The existence of coral reefs at depths of more than 150 m in tropical regions has been known for decades (Fricke & Schuhmacher, 1983; Maragos & Jokiel, 1985; Kahng & Maragos, 2006). Recently, the conservation and management of these so-called mesophotic coral ecosystems (MCEs) has been considered a priority, although the reefs themselves remain largely unexplored (Pyle et al., 2016). More generally, deeper zones and habitats close to coral reefs may serve as refuges and be the origin of recruits that contribute to the recovery of reefs located in shallow waters (Bongaerts et al., 2010; Van Oppen et al., 2011). Deeper habitats were, at first, thought to be more protected from temperature increases and coral bleaching events, since the impacts of human and natural perturbations typically diminish with depth and distance from shore (Glynn, 1996; Feingold, 2001; Glynn et al., 2001; Bak, Nieuwland & Meesters, 2005). However, the current degree of global climate change may also have an impact upon deeper habitats (Appeldoorn et al., 2016). Very little is known about MCEs, and the deeper habitats adjacent to coral reefs. Hence, there is a wide range of possible topics to be investigated. As an example, being able to provide an acoustic description of such habitats may appear crucial for extending our current knowledge on marine soundscapes. In particular, it may provide insights into the qualities and characteristics of the deeper habitats associated with coral ecosystems (Staaterman et al., 2014; Bertucci et al., 2015; Nedelec et al., 2015; Bobryk et al., 2016).
A soundscape is defined as the collection of all sounds that are present in a landscape, which vary over space and time (Southworth, 1969; Schafer, 1977; Krause, 1987; Pijanowski et al., 2011). Within soundscapes, sound sources are divided into three main components: the biophony (corresponding to biologically produced sounds), the geophony (the geophysically produced sounds) and the anthropophony (the sounds produced by human activities). The collection of data regarding the nature and qualities of marine soundscapes is growing worldwide (Cato & McCauley, 2002; Chapman & Price, 2011; Bertucci et al., 2016) but despite their potential, investigations of temporal and spatial variations in the soundscapes of coral reefs have mainly been concentrated on comparing neighbouring sites consisting of different habitat types, e.g., mangrove, fringing reef and barrier reef, and they have been restricted to the first 10–20 m of the water column (Piercy et al., 2014; Radford, Stanley & Jeffs, 2014; Bertucci et al., 2015). For instance, Staaterman et al. (2014) described marine soundscapes of Florida reefs in 7 m of water while only the 0–5 m range was recorded in a French Polynesian reef by Nedelec et al. (2015), and in a temperate coastal marine environment by Rossi, Connell & Nagelkerken (2016). Overall, the studies highlighted that different habitat types are characterised by peculiar acoustic features that constitute their acoustic signatures. When assessing the relationship between biodiversity and soundscape features of similar reefs habitats in Virgin Islands and French Polynesia, recordings performed by Kaplan et al. (2015) and Bertucci et al. (2016) were carried out at 18 m and 10 m depth, respectively.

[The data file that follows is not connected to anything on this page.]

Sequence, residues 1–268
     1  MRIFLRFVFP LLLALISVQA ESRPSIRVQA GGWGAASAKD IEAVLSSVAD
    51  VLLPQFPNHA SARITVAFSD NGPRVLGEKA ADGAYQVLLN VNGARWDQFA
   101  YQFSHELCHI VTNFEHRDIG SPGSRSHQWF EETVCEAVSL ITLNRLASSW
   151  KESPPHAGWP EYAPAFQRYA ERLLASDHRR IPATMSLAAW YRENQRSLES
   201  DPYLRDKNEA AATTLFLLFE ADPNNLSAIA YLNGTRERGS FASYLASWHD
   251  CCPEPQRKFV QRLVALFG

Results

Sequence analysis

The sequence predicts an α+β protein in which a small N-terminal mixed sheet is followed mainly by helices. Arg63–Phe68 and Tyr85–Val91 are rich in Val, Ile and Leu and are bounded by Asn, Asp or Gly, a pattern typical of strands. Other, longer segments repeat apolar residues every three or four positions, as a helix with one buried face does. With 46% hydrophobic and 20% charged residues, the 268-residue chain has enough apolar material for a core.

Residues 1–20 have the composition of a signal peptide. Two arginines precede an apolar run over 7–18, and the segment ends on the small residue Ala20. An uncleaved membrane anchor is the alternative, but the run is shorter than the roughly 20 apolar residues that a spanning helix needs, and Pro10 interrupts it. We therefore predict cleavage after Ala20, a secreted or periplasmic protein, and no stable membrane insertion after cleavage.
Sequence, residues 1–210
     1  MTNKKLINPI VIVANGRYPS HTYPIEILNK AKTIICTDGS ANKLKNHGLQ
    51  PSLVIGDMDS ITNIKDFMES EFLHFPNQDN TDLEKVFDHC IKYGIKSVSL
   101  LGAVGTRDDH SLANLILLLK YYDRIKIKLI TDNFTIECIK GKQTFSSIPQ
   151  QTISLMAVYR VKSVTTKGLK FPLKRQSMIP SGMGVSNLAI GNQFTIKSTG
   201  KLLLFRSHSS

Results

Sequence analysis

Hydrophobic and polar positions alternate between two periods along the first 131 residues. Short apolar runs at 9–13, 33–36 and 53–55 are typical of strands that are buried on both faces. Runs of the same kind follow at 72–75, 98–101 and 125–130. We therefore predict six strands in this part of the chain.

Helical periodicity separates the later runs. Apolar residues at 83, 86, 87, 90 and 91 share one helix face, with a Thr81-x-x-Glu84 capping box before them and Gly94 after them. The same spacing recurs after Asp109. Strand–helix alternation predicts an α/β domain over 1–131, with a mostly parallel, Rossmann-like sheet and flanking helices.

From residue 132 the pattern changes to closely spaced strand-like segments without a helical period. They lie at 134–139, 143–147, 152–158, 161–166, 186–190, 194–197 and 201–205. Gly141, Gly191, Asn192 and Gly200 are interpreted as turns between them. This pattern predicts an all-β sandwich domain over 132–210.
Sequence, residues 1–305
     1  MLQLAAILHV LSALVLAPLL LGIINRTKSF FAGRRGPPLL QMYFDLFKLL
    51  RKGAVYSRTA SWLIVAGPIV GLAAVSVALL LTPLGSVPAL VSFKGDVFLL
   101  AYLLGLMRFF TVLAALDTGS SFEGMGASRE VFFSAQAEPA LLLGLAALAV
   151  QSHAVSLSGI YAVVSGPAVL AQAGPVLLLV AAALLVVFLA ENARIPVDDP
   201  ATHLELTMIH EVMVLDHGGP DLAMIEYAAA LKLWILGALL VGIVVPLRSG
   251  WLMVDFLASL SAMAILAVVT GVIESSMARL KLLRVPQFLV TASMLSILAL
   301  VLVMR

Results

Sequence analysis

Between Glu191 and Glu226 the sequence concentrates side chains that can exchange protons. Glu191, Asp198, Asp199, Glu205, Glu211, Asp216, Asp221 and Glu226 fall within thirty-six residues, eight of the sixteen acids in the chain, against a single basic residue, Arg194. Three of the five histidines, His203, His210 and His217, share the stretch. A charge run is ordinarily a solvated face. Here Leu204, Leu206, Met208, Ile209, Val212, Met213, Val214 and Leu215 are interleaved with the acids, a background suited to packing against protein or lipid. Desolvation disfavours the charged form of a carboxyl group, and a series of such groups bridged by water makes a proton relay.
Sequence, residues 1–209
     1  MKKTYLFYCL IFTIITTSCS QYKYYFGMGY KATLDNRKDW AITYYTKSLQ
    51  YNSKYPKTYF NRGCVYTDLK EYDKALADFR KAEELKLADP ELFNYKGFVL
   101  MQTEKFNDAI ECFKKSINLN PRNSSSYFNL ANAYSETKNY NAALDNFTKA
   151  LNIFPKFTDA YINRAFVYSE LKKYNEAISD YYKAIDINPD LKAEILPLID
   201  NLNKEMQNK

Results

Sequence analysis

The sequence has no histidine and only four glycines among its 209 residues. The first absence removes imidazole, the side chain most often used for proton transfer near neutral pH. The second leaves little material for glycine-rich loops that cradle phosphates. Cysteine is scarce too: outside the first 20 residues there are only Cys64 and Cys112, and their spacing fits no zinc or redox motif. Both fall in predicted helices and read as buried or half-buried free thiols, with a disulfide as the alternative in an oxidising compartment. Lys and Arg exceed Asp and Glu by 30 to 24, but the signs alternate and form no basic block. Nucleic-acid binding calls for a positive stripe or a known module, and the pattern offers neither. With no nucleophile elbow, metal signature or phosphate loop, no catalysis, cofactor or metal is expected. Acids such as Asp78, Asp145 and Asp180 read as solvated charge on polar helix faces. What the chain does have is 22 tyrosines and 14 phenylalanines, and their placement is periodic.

These studies performed in shallow waters demonstrate that acoustical differences between reef habitats are due to variations in the sonic activity of marine organisms, i.e., soniferous fishes, snapping shrimps (Radford, Stanley & Jeffs, 2014) and the geo-morphology of recorded sites. Acoustic cues within habitats close to coral reefs are known to influence the behaviour and orientation of many fish and invertebrate larvae at settlement (Simpson et al., 2004; Vermeij et al., 2010; Nedelec et al., 2015; Parmentier et al., 2015). Describing soundscapes from deeper habitats could further highlight the importance of acoustic cues in the distribution of marine organisms, and the attractiveness of deeper habitats associated with reefs. Many coral reef-associated fish species have highly specialized habitat requirements. Some species are typically found in sandy patches while some other will use different types of coral as shelters, which will lead to differing species assemblages (Bacchet, Zysman & Lefèvre, 2006). Vocal species from these assemblages should create differential acoustic signatures in the frequency range in which they produce sounds. From this perspective, the objective of the present study was to investigate the variations of sound pressure levels in the low frequency range between underexplored habitats adjacent to coral reefs on the north coast of Moorea Island, French Polynesia (17°30′S, 149°5′W) and thereby provide a first insight into the acoustic features of these biotopes.
Material & Methods